Wednesday, December 13, 2000

Take me to your leader

Posted By on Wed, Dec 13, 2000 at 12:00 AM

What’s up with Rhino Records and its wonderfully bent box sets? Must be something in the Southern California water supply. For years the label has distilled pop culture’s murkiest (and often delightfully shallow) musical trends into cardboard-covered time capsules. And now it has created its most elaborate offering yet — Brain in a Box: The Science Fiction Collection — the strangest assortment of space-age musical minutiae ever assembled.

The collection is divided into five loosely categorized discs — including “Movie Themes,” “Incidental/Lounge” and “Novelty.” But in truth, this is all novelty fare. And that’s why it’s so fun. What self-respecting sci-fi fan could resist the Five Blobs’ (really Burt Bacharach and Hal David) obscure 1958 single “The Blob” or the Berlin Symphony Orchestra’s creepy score to ’60s TV classic “One Step Beyond”? And then there’s the box itself — a 6 inch-by-6 inch metal crate that really looks like it’s saving Hitler’s brain.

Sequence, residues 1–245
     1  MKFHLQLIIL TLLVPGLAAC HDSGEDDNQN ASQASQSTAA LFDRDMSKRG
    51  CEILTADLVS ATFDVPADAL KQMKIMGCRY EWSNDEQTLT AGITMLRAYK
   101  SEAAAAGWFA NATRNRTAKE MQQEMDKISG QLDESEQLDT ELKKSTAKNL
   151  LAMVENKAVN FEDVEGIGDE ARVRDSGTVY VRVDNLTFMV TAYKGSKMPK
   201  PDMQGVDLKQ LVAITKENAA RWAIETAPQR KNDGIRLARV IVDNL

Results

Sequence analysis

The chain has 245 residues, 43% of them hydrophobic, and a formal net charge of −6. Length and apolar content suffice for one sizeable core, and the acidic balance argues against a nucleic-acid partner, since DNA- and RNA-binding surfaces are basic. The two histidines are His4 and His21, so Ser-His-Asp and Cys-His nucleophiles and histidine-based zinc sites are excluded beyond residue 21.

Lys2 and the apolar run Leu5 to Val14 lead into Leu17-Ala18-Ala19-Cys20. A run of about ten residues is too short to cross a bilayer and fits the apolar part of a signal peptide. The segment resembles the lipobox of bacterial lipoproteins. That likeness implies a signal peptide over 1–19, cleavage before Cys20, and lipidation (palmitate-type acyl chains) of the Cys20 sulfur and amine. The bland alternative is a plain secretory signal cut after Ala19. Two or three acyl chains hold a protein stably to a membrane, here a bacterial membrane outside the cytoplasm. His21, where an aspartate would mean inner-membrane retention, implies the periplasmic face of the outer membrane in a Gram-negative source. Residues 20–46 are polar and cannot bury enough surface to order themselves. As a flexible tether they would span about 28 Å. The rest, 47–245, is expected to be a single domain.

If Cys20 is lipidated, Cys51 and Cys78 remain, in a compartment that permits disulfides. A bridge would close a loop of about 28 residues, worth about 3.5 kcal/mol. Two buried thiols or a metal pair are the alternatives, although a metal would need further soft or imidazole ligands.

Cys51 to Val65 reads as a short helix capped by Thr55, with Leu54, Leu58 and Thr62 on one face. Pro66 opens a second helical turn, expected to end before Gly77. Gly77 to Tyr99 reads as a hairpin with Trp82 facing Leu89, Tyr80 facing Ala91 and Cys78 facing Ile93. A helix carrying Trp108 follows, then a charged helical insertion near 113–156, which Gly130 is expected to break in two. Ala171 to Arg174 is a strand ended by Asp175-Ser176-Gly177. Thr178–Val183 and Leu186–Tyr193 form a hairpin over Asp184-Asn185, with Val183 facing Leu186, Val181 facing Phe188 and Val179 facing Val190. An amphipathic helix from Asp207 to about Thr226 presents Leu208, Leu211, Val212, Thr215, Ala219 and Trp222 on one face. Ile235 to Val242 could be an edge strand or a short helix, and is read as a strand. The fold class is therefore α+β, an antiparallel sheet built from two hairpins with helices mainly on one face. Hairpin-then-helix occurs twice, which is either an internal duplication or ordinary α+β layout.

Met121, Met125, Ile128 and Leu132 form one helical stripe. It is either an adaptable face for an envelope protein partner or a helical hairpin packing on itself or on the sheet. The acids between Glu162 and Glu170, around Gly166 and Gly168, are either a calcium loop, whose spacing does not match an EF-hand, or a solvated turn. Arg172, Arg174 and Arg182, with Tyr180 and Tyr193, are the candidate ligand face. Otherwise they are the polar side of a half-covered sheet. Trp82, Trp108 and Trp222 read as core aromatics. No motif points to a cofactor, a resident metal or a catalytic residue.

The best thing about Rhino collections is they pay A-list homage to fringe movements that never really existed — or at least never mattered much. For example, Rhino’s exhaustive Hot Rods & Custom Classics gave obscure muffler-rock gems such as Duane Eddy’s “Forty Miles of Bad Road” the same culturally reverent treatment you’ll find in any Beatles anthology (or even a Rod Stewart retrospective). Brain in a Box is no different — resuscitating previously submerged “classics” such as the Rubinoo’s 1970 surf-rock “Star Trek” theme and the Ran-Dell’s goofy “Martian Hop.”

Of course, as every resale shop sci-fi collector knows, this sort of prepackaged pop cultural nirvana comes at a price — in this case, about a hundred bucks. But when you buy a Rhino box set, you’re not just purchasing the tunes … you’re buying an experience. With Brain in a Box, it’s a rocket-ship ride to a weird America that only exists in our collectively geeky imagination — where every toy store sells wind-up robots and every TV set plays “The Outer Limits” in endless black-and-white.

And for some of us space cases, that’s a bargain that’s out of this world.

E-mail Adam Druckman at


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